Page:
The district court concluded that respondent's alleged retaliation did not fall within the ambit of either clause. Relying on Sixth Circuit precedent, the district court concluded that petitioner's participation in her employer's investigation did not fall within Title VII's participation clause because respondent's investigation was not conducted pursuant to a pending EEOC charge. Pet. App. 15a. The district court explained that "Title VII protects an employee's participation in an em ployer's internal investigation into allegations of unlaw ful discrimination where that investigation occurs pursuant to a pending EEOC charge." Ibid. (quoting Abbott v. Crown Motor Co., 348 F.3d 537, 543 (6th Cir. 2003)). The district court further held that petitioner's involvement in the internal investigation did not con stitute opposition to an unlawful employment practice, because she "merely answered questions by investi gators in an already-pending internal investigation, initiated by someone else." Id. at 16a. The court also explained that although petitioner alleges that she "fully cooperated with Metro's investigation" and "testified unfavorably" against Hughes in response to the in vestigators' questions, there was no allegation that she "instigated or initiated any complaint." Id. at 16a-17a. The district court thus concluded that petitioner's activity was not opposition within the meaning of Sec tion 704(a). Ibid.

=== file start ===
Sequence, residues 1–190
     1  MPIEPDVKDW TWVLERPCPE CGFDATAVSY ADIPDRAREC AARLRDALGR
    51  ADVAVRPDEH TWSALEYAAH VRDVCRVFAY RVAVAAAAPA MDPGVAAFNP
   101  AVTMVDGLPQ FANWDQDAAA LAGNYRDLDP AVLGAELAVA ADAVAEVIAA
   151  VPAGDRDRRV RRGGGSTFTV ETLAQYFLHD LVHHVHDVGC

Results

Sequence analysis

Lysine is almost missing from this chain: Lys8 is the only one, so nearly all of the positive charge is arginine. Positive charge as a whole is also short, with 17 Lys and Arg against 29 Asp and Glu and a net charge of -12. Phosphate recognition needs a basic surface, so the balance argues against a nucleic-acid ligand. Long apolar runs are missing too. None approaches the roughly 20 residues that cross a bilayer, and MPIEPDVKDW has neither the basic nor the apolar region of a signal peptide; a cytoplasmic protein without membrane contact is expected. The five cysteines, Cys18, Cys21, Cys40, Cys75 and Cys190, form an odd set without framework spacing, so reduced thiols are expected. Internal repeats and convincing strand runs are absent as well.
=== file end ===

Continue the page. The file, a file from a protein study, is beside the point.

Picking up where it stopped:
3. The court of appeals affirmed. Pet. App. 3a-10a. The Sixth Circuit first concluded that petitioner's ac tions were not protected under Section 704(a)'s oppo sition clause. In so holding, the court stated that "[t]he general idea is that Title VII 'demands active, con sistent "[o]pposing" activities to warrant . . . protec tion against retaliation.'" Id. at 7a (quoting Bell v. Safety Grooving & Grinding, LP, 107 Fed. Appx. 607, 610 (6th Cir. 2004), and citing Johnson v. University of Cincinnati, 215 F.3d 561, 579 (6th Cir.), cert. denied, 531 U.S. 1052 (2000)). The court further reasoned that petitioner's actions in "relating unfavorable information about Hughes" during the investigation did not qualify as "overt opposition" protected under the statute, be cause petitioner "does not claim to have instigated or initiated any complaint prior to her participation in the investigation, nor did she take any further action following the investigation and prior to her firing." Id. at 7a-8a.